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The Advantages and Disadvantages of Ad Hoc Arbitration

Wednesday, March, 23, 2011

For many people, ad hoc arbitration makes a lot of sense. If you are considering using this process to dispose of a dispute, then you should know the advantages and disadvantages. An arbitration attorney can give you a better idea of how these things will work in your particular case.

As any arbitration attorney will tell you, going ad hoc is much more flexible. You get to make the decisions and you get to determine a lot of the details on how things will run. This allows for easier implementation and disputes can be handled much more quickly. The second advantage has to do with cost. There are fewer administrative costs and fees to contend with, so parties with less financial capability can use this process over the court system. Likewise, once the right arbitration attorney is found, there is less burden on the parties themselves to facilitate the action.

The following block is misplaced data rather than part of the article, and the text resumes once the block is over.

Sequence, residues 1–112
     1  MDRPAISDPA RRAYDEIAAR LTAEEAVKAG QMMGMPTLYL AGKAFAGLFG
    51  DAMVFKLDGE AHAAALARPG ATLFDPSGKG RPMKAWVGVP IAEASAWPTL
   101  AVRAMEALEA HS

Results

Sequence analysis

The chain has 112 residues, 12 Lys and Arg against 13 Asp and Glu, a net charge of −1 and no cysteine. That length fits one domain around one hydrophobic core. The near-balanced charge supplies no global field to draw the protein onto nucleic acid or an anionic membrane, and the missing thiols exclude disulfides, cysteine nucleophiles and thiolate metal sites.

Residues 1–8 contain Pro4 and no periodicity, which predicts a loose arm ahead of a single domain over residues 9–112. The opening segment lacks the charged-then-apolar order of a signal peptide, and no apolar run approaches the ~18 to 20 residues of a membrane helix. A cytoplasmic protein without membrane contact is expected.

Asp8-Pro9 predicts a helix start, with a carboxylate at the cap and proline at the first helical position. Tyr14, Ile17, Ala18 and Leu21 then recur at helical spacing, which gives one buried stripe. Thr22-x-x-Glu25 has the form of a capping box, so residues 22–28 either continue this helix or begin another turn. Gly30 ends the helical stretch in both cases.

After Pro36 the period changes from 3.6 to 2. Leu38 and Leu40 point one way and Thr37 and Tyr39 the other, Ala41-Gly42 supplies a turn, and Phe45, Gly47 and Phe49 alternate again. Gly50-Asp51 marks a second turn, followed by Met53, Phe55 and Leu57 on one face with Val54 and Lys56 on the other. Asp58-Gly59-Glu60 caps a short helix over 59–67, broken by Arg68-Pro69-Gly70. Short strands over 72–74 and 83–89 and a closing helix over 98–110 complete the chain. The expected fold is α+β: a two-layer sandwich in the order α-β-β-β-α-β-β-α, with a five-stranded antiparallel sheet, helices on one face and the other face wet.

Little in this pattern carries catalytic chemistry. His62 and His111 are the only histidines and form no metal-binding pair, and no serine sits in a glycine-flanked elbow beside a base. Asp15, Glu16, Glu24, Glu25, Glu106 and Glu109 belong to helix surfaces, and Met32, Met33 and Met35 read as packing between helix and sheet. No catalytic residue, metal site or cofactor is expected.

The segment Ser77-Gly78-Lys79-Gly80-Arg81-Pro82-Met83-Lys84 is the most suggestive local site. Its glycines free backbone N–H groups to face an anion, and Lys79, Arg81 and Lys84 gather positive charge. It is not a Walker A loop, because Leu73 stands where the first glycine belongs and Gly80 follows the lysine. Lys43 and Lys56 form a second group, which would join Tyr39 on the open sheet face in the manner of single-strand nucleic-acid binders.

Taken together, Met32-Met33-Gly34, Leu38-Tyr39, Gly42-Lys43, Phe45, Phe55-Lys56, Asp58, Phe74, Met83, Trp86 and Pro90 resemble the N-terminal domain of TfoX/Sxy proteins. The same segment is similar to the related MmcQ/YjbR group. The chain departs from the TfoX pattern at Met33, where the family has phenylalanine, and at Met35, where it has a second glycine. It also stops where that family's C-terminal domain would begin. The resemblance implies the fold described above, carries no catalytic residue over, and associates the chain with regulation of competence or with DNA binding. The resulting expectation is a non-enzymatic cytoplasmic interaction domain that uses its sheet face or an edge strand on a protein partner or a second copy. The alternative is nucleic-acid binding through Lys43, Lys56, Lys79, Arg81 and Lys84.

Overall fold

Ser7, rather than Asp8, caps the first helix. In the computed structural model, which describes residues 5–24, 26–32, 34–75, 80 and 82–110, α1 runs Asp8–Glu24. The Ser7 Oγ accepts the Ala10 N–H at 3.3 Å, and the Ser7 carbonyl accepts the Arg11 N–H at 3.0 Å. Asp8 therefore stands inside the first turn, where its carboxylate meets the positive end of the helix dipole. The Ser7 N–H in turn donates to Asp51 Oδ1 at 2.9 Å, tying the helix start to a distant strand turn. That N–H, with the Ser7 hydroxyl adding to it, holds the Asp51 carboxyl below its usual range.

One disadvantage is that you have to do some things on your own. Since so many decisions are left up to the parties at hand, you can't just coast through and let the system handle the administration. There can also be some conflicts about who will act as the arbitration attorney in charge and where the proceeding will take place. If you can get over these barriers, it can lead to a meaningful process.

If you want more information on how this form of arbitration might be helpful, you should consult an arbitration attorney in your area. Alternatively, you might continue to read the articles here.